Share on facebook
Share on twitter
Share on reddit

Words / Jason Scott

TRACE could have easily followed in her mother’s footsteps in a very literal sense. While she does take cues from her mom Carol Kim, a legend of Vietnamese pop music who has released numerous albums over the decades and toured the globe, newcomer TRACE has already carved out her own alluring path. From her addictive 2016 debut EP, Low, to her new single “Blood and Bones,” a somber number depicting her unease with exposing her true self to people, she has a bright future beaming directly ahead of her.
Despite the shadow of her mother’s career which seems to follow her around, TRACE isn’t too concerned. She lets the music do the talking, and collectively, she’s wracked up more than 37 million streams across all her singles. That kind of reception makes total sense. The young singer-songwriter is the voice of an entire generation, and this is just the beginning.
We get to know the pop upstart and become thoroughly entranced by her delicate but commanding voice, onstage and off.
There is something so animalistic and raw about the image of blood and bones. How do they bounce off the unrequited love you were feeling?
I think when you like someone, sometimes it can feel uncontrollable. Maybe even so instinctual it feels animalistic. I wanted to give “love” an intense metaphor ⎯⎯ especially the kind that may not be mutual or understood.
Why do we, as humans, so often get caught up on romantic fantasies?
I know for me, I often fall prey to loving my ideas more than my own reality. It’s fun to make up things ⎯⎯ create your own world. There’s a creative freedom in fantasizing I would hope all people indulge in from time to time. On the other hand, I just think we can’t control where we let our minds go sometimes.
You’ve said the song is your way of “admitting that underneath the decorative and detailed surface of me, there’s a truth I’ll keep from you.” Does that stem from just not wanting to get your heart truly broken or does fear/uncertainty play into that?
I think when I wrote that I meant that I don’t think just anyone gets to receive the whole truth. Sure, it’s something I can use to distance myself from others and to protect myself in return, but it mainly stems from people, in general, thinking they deserve to know everything about someone without really working at it. It’s a difficult thing, getting to really know someone and the truths they hold.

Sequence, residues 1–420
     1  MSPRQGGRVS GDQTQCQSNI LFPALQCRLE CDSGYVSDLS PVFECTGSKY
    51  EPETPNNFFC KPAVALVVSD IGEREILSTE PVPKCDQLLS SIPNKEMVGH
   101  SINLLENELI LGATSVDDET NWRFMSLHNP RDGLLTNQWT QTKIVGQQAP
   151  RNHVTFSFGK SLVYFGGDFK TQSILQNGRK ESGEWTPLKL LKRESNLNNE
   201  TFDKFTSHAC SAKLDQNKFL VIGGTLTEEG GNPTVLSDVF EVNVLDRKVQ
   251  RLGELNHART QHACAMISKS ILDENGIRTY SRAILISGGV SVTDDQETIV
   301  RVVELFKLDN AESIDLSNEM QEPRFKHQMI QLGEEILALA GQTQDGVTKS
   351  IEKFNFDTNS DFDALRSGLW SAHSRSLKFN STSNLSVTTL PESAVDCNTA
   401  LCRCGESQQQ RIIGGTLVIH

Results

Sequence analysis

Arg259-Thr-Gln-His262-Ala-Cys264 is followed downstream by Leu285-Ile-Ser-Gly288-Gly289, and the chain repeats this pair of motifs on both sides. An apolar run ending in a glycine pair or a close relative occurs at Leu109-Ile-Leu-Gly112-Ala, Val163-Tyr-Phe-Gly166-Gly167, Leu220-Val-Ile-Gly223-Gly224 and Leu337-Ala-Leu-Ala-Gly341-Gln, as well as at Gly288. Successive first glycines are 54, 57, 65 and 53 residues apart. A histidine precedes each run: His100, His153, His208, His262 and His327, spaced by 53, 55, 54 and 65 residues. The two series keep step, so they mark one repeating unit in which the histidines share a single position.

Did you have a specific encounter which inspired this song?
Yes and no. I think it was just a moment I had at a show. To feel adored is really fun. But it hit me to think, if people really knew me at my best, I’d probably be a let down.
Generally, what has the dating scene been like for you?
My first reaction to this was THIS IS SO PERSONAL AND SEMI-EMBARRASSING. BUT, I’d say it’s been overall, uneventful. I don’t get asked out very often ⎯⎯ maybe ever. So, the scene is probably a boring one for any onlookers. Sure, I go on dates here and there (and actually enjoy them), but it’s almost becoming a tiring task. But I’m open to not be tired anymore for sure.
Does this feed into a new EP, and what role does it take on alongside your other new songs?
As I have been working on new stuff ever since my 2016 debut EP, I would say the theme has moved more and more towards “confidence,” as I am finding a stronger grasp around it with new and enlightening experiences. It’s also about calling things out for what they are ⎯⎯ about myself, about others, about things, like dating unfunny people kills my soul…
Since 2016’s Low EP, how have you sharpened your songwriting?
I think there’s more intentionality behind writing now. Before, it was like a “dream” to just float about my day and write a song if I felt like it. Now, songwriting is becoming more of a craft I’m learning to hone in on and hopefully be more disciplined with. It is, of course, still a dream to get to write, but I’m approaching it more professionally, perhaps, which in turn I hope sharpens and strengthens the things I create.
Is your music still “lonely with a beat,” would you say?
I’d say it’s more lonely than ever with a beat.
You are essentially “following in your mother’s footsteps.” Have you ever turned to her music as a way to learn and nurture your own?
I turn more towards her as a singer and performer when it comes to her influence on me. She has an immovable and persistent confidence that I admire so deeply.
Do you have a favorite song of your mother’s?
It’s an old Vietnamese folk song she used to sing to me before bed. I forget the name…
What has she taught you about storytelling?
To always ask questions if you want to know someone. People aren’t going to just tell you things every single time. That you have to create a space for people if you want a story worth hearing.
Does your cultural heritage play a role in how you approach music?
Not necessarily. I do write with an understanding that it’s a major privilege to get to do what I do for a living, because it was harder for my mom to pursue a career in music. But I approach music as a woman with just too many feelings.



Close Menu